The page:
The Trion Syndrome

Yesterday’s post brought a question from a fellow Vietnam vet who wants to know if I suffer from Post-Traumatic Stress Disorder (PTSD). The answer is an emphatic yes.

But I don’t call it a disorder. I call it an injury. It’s clear to me as a sufferer that the disease is not the internal workings of the mind gone awry. It is the direct result of a wound to the soul inflicted by an external event, namely, witnessing the ghastly damage that combat does to human beings. I call it Post-Traumatic Stress Injury (PTSI).

I was in combat repeatedly over my years in Vietnam, supporting both army and Marine units on the battlefield. I watched the brutal deaths of men fighting by my side. My soul was permanently damaged.

In the context of my books, the focus of yesterday’s blog post, one novel is specifically about PTSI and the damage it can do. That’s The Trion Syndrome (Apprentice House, 2015). It tells the story of a Vietnam vet who suffers from all the symptoms of PTSI without knowing why. He has blocked the unspeakable memories from his conscious mind, just as I did. When he forces himself to remember, his life is permanently changed.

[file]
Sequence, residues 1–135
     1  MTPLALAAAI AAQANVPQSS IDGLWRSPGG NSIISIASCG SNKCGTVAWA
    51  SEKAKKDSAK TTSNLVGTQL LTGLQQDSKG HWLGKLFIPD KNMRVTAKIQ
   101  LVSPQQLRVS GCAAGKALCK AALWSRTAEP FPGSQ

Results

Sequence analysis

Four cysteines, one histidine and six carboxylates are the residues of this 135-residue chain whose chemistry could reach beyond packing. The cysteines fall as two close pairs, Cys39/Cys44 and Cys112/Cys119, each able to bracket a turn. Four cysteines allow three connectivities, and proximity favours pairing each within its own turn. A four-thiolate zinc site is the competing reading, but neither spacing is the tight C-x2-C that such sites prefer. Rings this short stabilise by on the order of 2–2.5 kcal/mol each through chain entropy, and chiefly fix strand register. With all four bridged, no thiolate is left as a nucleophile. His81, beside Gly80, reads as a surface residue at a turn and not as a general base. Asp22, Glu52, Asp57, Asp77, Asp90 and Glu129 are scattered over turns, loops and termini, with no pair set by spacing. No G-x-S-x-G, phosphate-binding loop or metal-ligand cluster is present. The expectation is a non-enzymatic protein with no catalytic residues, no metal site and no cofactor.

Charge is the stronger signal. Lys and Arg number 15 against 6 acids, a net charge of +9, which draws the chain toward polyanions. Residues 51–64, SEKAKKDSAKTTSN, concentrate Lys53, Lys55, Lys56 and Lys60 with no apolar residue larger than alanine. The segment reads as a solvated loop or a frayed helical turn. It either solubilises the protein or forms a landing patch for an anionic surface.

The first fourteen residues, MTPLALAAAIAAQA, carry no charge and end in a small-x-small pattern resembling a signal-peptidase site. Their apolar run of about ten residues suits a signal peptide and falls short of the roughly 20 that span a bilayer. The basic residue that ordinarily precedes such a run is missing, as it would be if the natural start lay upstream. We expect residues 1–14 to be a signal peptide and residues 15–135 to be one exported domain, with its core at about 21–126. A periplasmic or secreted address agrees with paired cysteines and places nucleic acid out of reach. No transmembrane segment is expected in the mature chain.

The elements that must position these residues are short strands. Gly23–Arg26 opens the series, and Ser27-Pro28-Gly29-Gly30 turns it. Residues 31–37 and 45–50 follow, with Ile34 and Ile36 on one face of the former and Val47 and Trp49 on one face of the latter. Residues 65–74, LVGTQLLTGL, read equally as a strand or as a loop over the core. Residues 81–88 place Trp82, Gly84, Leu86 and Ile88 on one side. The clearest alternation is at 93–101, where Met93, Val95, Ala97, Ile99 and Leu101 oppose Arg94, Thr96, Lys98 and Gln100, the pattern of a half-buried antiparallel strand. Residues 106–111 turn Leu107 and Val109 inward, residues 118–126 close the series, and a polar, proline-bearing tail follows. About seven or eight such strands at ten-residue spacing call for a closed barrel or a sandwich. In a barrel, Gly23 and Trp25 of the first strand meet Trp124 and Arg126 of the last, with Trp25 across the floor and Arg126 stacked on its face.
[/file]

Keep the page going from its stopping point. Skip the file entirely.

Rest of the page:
My writing been shaped by my struggles with PTSI. I wrote The Trion Syndrome to make myself confront my condition. It’s only by facing the unspeakable memories that a sufferer from PTSI can come to terms with the malady. That’s the best he can hope to do. PTSI is not curable. The memories never fade. Coping is the only remedy available.

And Last of the Annamese (Naval Institute Press, 2017) was written in part to allow me to vent my feelings about the fall of Saigon which I lived through, escaping under fire at the very end. I wrote No-Accounts (Apprentice House, 2014) to honor the memories of my five years of caring for AIDS patients at the height of the epidemic.

So, yes, I suffer from PTSI and always will. I write in part to explore and come to terms with memories that will never rest. That’s my fate.

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